Finally, he hands it back, thanking the name of the guy on the badge... But when he hands it back, his thumb presses against the magic markered photo... and the moustache comes off on his thumb. Now there’s this huge smudge where the moustache once was... and a huge black smear on his thumb.

The badge swings back on its lanyard, and I’m praying it lands *backwards* around my neck so that he can’t see the photo. No such luck. If the Security Guard looks down at the badge, he’ll see that other guy’s face... with a smear of black under the nose. But he doesn’t look down at the badge. He scratches his nose, smearing some black ink on his face, and moves on to the next person in the hallway. I’m free! Until the next checkpoint. But I have the magic marker in my pocket...

The following year, I made a deal with the hometown reporter to cover AFM for them. And some year later, I began covering it for Scr(i)pt Magazine (and others). So now I have a badge with my own photo on it. When I get to the 5th floor security checkpoint, I show the guard my badge and they wave me through.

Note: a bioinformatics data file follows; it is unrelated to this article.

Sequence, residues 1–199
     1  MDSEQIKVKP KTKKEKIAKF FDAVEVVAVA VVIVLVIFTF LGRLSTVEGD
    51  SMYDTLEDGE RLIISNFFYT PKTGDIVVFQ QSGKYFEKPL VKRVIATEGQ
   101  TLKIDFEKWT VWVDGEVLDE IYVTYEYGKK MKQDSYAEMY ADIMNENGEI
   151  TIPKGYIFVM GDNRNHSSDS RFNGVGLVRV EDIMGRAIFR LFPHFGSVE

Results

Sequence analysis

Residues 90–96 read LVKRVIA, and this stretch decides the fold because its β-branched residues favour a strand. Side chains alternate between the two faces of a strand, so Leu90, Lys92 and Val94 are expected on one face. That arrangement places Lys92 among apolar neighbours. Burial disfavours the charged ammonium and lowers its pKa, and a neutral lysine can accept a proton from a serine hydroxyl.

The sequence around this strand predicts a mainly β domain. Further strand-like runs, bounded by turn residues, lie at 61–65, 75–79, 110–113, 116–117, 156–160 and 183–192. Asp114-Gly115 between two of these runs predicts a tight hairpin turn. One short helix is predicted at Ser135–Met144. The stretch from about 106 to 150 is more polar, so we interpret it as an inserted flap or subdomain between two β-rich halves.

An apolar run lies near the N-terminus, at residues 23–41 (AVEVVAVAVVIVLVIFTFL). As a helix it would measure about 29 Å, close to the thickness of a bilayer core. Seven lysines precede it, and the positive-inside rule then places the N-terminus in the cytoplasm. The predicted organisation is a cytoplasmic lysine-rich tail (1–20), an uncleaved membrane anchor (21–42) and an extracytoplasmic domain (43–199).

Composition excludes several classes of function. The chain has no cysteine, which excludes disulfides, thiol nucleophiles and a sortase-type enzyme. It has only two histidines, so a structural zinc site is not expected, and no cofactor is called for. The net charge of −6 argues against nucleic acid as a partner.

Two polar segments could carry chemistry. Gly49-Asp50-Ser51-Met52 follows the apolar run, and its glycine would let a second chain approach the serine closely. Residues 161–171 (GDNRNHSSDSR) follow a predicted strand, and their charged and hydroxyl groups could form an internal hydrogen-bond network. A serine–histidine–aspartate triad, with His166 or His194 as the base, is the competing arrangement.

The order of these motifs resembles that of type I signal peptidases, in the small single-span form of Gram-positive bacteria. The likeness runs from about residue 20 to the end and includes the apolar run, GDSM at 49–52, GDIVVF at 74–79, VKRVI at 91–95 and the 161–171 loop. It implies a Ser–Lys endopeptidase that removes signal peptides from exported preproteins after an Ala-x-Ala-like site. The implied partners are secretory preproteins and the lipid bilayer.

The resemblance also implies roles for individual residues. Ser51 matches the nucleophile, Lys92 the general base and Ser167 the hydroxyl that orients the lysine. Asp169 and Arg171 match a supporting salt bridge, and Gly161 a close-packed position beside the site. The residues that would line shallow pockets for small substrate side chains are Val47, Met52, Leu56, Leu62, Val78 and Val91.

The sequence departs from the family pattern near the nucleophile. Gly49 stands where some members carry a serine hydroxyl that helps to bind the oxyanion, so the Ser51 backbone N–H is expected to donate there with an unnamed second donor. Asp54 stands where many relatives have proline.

The first thing you notice once you’re upstairs are the posters. Outside every room is a poster for their hottest film mounted on the wall, and there’s also usually an easel with some other poster mounted on cardboard. If the company wants people to think they have class, they don’t have actual posters - they have this very serious looking list of the movies they are offering with the cast and directors names. Everybody else has your standard posters - only more-so. Because these posters are there to SELL the movie - and beauty has nothing to do with it. In the old days, the posters were all art work - but a drawing could lie... it might show a giant creature or an amazing stunt... that wasn’t in the movie. So now all of the posters are photos.